Figure 1. Information about LINC00993 from public websites. (A) Location of LINC00993 in human genome. Conservation of LINC00993 in multiple species. (B) Construction and sequence of LINC00993. (C) Detailed LINC00993 expression in different tissues shown by GTEx data.
It has been a challenging task to define lncRNA's functions. A “guilt by association” method has been used to predict ncRNA functions (17, 18). To examine the function of LINC00993 in a tissue-specific way, breast cancer data containing 1,208 breast cancer samples from TCGA database (1,096 are from cancer tissues and 112 are from peritumor tissues) were downloaded. We performed correlation analysis between LINC00993 and all 19,547 coding genes in those 1,096 samples by Spearman method. Gene Ontology (GO) analysis and Kyoto Encyclopedia of Genes and Genomes (KEGG) analysis were performed on the top 5% genes (978) according to correlation index. The GO analysis results contain three parts: cellular component, biological process, and molecular function (19). The results showed that LINC00993-related genes took part in the formation of spindle, chromosomal region, and other cellular components, which are mainly located in the nucleus (p < 0.001; Figure 2A). Those genes were involved in chromosome segregation, nuclear division, and other biological processes, which also happened in the nucleus (p < 0.001; Figure 2B). The molecular function of GO analysis showed that LINC00993-related genes were involved in microtubule motor activity (p < 0.001; Figure 2C). The KEGG pathway analysis on those LINC00993-related genes showed that those genes mainly enriched in cell cycle pathway (p < 0.001; Figure 2D). As shown in Figure 2B, some of the genes are involved in the regulation of cell cycle-phase transition (p < 0.001).
Figure 2. Annotation of LINC00993 via guilt-by-association correlation analysis. Gene Ontology (GO) analysis of LINC00993-related genes in cellular component (A), biological process (B), molecular function (C). (D) Kyoto Encyclopedia of Genes and Genomes (KEGG) pathway.
Gene set enrichment analysis (GSEA) is a statistical method to determine if predefined sets of genes are differentially expressed in different phenotypes (20). To analyze which pathway LINC00993 might be involved with, 186 KEGG gene sets from Molecular Signatures Database (MSigDB) were used in GSEA. Most enriched pathways were inhibited by LINC00993 (Figure S1A). Cell cycle was the most significant gene set enriched with a normalized enrichment score as −2.6668 (Supplementary Supplementary Figure S1B). The enrichment score plot showed that LINC00993 negatively regulates cell cycle pathway (Supplementary Figure S1C). For each gene set, a 1,000 times permutation according to gene labels was done to produce a gene set null distribution. As shown in Supplementary Figure S1D, the normal Enrichment Score (ES) for the gene set ranges from −0.4 to 0.4, the ES for gene set cell cycle is −0.674 (p < 0.001, FWER < 0.001, FDR < 0.001) (Supplementary Figure S1D). A heat map was drawn based on the expression of genes in the mentioned gene set (Supplementary Figure S1E).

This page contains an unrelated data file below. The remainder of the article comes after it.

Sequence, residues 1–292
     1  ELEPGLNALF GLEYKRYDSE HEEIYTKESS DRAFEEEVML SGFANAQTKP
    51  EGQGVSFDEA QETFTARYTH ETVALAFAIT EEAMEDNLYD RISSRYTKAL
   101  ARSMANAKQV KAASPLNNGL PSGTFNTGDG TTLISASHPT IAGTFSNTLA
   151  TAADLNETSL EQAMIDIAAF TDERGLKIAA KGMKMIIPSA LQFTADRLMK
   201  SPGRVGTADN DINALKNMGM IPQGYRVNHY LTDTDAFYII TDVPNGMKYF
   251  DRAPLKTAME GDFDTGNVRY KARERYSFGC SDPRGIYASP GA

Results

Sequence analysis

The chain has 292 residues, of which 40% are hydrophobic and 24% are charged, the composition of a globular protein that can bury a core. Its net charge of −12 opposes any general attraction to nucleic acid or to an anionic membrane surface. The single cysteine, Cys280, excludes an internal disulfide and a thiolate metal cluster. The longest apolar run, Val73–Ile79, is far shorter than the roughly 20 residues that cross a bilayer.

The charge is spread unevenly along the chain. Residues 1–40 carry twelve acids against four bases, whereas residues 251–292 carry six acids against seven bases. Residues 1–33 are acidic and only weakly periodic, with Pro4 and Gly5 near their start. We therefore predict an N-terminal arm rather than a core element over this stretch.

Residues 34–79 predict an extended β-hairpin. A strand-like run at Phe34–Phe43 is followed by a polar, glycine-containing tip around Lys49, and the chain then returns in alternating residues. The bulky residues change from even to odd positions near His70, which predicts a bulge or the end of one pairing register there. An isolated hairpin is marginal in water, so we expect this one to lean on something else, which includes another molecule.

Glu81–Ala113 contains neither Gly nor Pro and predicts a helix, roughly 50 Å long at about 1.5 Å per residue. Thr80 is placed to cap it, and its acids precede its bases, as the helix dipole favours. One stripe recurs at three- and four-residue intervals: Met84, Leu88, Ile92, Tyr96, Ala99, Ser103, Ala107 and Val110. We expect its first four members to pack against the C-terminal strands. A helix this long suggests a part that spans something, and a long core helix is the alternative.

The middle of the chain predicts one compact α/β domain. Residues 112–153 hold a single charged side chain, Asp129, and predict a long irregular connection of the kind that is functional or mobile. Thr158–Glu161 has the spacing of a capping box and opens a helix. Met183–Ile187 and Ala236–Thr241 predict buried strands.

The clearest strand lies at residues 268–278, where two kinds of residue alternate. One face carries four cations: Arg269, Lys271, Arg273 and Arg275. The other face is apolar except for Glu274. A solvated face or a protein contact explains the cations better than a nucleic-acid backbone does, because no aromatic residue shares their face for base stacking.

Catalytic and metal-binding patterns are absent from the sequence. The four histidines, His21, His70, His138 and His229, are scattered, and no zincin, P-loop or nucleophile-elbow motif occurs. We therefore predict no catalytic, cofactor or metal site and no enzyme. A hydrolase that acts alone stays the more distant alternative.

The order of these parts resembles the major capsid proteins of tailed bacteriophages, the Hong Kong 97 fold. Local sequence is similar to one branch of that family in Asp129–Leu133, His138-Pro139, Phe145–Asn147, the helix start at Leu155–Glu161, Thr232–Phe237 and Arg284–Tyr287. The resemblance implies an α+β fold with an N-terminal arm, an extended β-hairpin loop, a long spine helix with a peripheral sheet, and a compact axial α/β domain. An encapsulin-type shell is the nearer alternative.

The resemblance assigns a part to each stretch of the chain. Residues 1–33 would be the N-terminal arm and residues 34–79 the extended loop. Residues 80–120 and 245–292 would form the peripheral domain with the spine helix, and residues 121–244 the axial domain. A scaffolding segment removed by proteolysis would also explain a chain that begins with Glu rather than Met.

Hallmark gene sets summarize and represent specific well-defined biological states or processes and display coherent expression (21). To examine what potential target genes LINC00993 regulates, 50 hallmark gene sets were analyzed. There were 17 of 50 hallmark gene sets enriched (Supplementary Figure S2A). LINC00993 positively regulates estrogen response (p < 0.001, FWER < 0.01, FDR < 0.001), which is consistent with our data that LINC00993 and estrogen receptor (ESR)1 had a strong correlation. The most enriched hallmark data set was E2F targets with a NES at −3.12 (p < 0.001, FWER < 0.01, FDR < 0.001) (Supplementary Figure S2B). The running score plot showed that LINC00993 negatively regulated E2F targets (Supplementary Figure S2C). The null distribution plot showed that the result was reliable (Supplementary Figure S2D). A heat map was drawn based on the expression of genes in the E2F targets gene set (Supplementary Figure S2E).
Taken together, those data suggested that LINC00993 might mainly function in the nucleus and was involved in the regulation of the cell cycle.
LINC00993 Suppressed the Growth of TNBC Cells in vitro
Next, we intended to explore the function of LINC00993 in breast cancer. To choose appropriate cell lines to manipulate the expression of LINC00993, a couple of breast cancer cell lines were detected. LINC00993 was relatively higher in MCF-7 cells when compared to those in MDA-MB-231 cells and BT-549 cells (Supplementary Figure S3A). Lentivirus shRNA method was adopted to knock down LINC00993 in MCF-7, but no significant fold change of LINC00993 was detected in shRNA-stable MCF-7 (Supplementary Figures S3B–F). We thus decided to overexpress LINC00993 in MDA-MB-231 and BT-549, which are two TNBC cell lines that showed a lower LINC00993 expression level. To confirm the location of LINC00993 in TNBC cells, total RNA, cytoplasmic RNA, and nuclear RNA were isolated from MDA-MB-231 cells. Expression of LINC00993 was evaluated in these fractions by qRT-PCR assays. Our results showed that LINC00993 expression was located mainly in the nucleus compared to that in the cytoplasm (16.82 ± 1.69 vs. 1.08 ± 0.03, p < 0.01; Figure 3A). Results from RNA fluorescence in situ hybridization (FISH) assay also confirmed that most of the LINC00993 located in the nucleus in MDA-MB-231 cells (Figure 3B, red arrow), and some LINC00993 located around nuclear membrane (Figure 3B, white arrow). Those results indicated that LINC00993 mainly resided in the nucleus.